Given these skills, discriminative models are particularly good at classifying and ranking information. The output of this LLM could be a number or set of numbers to help organize information. For example, you could query a database of knowledge base articles, and the LLM will order the articles ranked by relevance for that query. And it is essential to note that these models can’t hallucinate in the same way as a generative model, though they might misclassify or incorrectly order content.

Generative models create new data based on probability and likelihood estimation between words. These models excel at creating content, such as text, code, and images, and effectively summarize articles. Adversely, these models can hallucinate, i.e., create incorrect content that looks real but can sometimes lead to inaccurate or false information.

This distinction between generative and discriminative models is essential since the threats and risks associated with each model type can vary depending on how the LLM gets used. The table below captures further practical LLM usage for business applications, followed by examples.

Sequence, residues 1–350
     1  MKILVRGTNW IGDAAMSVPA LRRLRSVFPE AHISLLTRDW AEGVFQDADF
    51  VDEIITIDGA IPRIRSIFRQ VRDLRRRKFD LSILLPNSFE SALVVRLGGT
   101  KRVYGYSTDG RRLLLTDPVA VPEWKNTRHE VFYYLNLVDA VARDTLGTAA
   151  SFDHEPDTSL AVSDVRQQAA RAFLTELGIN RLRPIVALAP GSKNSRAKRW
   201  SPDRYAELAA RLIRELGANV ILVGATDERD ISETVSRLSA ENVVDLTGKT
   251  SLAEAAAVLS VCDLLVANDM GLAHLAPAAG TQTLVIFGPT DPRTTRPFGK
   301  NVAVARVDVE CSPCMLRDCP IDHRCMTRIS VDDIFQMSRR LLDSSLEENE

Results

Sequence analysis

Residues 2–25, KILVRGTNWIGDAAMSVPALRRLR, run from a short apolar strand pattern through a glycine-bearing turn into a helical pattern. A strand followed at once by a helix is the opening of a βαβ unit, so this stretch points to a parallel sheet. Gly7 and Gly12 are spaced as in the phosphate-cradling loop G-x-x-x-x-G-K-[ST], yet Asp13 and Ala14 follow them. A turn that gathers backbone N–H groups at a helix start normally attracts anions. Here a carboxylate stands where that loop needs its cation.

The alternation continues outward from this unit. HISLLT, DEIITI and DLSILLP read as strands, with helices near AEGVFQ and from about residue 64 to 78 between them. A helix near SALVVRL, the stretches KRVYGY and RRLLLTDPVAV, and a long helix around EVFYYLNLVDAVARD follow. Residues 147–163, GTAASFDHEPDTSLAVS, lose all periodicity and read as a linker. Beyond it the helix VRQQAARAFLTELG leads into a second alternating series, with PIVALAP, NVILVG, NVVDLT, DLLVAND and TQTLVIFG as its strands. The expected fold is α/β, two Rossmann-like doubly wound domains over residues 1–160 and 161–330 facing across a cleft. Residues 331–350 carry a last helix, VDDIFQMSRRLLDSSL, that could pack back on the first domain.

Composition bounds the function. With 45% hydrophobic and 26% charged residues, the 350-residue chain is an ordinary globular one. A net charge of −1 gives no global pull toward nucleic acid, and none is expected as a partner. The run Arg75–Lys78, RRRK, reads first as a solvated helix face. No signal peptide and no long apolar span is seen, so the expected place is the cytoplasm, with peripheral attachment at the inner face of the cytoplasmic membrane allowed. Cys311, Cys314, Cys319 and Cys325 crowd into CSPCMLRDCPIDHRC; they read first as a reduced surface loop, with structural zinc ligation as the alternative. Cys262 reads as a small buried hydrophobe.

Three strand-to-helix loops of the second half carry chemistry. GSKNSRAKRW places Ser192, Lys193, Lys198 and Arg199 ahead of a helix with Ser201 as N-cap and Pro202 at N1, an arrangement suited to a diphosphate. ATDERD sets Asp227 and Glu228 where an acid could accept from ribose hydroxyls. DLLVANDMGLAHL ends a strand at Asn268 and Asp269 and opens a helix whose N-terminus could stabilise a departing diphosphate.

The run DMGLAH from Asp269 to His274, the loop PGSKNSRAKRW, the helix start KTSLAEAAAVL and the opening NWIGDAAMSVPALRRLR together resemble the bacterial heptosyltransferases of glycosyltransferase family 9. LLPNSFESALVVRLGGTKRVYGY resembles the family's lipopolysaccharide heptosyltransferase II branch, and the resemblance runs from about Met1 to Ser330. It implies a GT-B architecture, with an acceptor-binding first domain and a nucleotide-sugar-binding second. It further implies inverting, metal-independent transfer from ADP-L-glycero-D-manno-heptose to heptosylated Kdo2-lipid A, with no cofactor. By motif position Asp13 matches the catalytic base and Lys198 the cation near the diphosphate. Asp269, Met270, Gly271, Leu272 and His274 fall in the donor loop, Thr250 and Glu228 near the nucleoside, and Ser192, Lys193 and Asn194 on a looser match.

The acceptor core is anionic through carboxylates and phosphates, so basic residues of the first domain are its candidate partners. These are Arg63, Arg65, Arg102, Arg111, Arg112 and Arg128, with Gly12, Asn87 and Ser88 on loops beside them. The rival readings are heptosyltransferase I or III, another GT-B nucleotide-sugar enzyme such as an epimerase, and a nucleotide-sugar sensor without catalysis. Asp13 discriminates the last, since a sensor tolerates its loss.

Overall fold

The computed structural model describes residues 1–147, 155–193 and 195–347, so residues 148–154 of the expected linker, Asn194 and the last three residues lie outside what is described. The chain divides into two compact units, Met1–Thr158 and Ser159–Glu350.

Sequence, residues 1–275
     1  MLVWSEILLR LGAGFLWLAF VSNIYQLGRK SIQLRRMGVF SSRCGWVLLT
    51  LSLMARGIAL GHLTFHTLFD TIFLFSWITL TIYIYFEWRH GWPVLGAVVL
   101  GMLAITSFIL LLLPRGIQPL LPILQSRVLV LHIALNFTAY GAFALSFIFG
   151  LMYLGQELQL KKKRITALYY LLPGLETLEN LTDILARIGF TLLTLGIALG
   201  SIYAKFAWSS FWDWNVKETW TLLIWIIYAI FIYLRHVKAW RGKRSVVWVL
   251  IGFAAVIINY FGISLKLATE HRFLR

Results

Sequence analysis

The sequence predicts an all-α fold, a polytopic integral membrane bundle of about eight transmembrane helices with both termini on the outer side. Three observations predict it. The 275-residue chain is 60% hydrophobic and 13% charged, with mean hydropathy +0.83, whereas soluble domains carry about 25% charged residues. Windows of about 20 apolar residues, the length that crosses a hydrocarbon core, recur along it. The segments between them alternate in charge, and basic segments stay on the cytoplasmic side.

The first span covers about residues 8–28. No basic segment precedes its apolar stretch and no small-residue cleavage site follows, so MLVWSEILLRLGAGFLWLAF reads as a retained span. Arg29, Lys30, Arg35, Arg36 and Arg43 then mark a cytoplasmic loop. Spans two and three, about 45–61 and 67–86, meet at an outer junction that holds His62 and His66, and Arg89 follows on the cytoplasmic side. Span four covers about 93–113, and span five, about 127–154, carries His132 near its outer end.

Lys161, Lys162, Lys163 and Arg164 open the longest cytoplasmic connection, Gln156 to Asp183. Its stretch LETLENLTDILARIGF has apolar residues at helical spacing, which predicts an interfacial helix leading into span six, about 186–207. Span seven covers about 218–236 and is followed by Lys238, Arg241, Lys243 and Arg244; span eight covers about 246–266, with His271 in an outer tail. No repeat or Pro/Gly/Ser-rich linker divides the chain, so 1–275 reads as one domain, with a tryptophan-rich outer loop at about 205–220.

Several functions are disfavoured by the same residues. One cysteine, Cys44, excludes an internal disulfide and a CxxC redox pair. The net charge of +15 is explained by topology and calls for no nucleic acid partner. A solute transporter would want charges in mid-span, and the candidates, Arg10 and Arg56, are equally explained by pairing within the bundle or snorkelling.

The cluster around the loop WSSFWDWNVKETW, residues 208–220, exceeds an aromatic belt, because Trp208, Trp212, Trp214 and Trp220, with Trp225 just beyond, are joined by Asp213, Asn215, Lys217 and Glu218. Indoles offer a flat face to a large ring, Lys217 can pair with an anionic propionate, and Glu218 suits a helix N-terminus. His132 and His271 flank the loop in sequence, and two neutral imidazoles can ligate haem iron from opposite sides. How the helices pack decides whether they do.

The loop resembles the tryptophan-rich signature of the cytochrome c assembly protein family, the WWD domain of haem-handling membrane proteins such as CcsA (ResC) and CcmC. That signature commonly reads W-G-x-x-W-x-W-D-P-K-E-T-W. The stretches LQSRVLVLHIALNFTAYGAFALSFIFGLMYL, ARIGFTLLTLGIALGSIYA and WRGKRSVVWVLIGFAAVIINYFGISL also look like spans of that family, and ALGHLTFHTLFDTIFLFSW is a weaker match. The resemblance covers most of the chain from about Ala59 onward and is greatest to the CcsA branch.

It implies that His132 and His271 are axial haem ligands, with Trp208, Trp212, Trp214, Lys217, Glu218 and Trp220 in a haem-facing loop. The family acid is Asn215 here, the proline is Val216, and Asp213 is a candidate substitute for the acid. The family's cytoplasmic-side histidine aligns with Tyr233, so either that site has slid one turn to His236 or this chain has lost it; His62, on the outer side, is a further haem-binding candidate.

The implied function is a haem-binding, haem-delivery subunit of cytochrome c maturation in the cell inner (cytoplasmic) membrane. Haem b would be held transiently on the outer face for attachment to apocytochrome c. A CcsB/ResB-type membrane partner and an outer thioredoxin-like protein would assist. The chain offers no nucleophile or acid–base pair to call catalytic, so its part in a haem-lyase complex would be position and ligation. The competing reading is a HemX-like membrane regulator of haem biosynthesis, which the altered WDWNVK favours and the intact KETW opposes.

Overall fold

Using discriminative LLMs in the enterprise


Assigning a data point to a specific category or group based on its characteristics

Predicting that an employee stating: “My headset broke, and I need a new one” is an IT request


Arranging data in a specific order based on certain criteria or a set of rules

Ranking three knowledge base articles in order of relevance to an employee’s request about obtaining a new headset

Highlighting answers

Highlighting content to properly answer a question (i.e., rather than reading a wall of text, the actual response is highlighted)

Identifying specific text within an article to help an employee order a new headset

Extractive slot-filling

Identifying and extracting specific pieces of information (or “slots”) from a given text.

Identifying and preparing API call arguments from user queries, like transforming "What is the market cap of Apple?" into GET_MARKET_CAP(company= "Apple").

Using generative LLMs in the enterprise


Converting content from one language to another

Translating the input "My headset broke, and I need a new one" to its Spanish output "Mis auriculares no funcionan y necesito nuevos."


Creating a concise and meaningful summary of a longer input text by understanding the key concepts and ideas and then generating a condensed version coherently and naturally.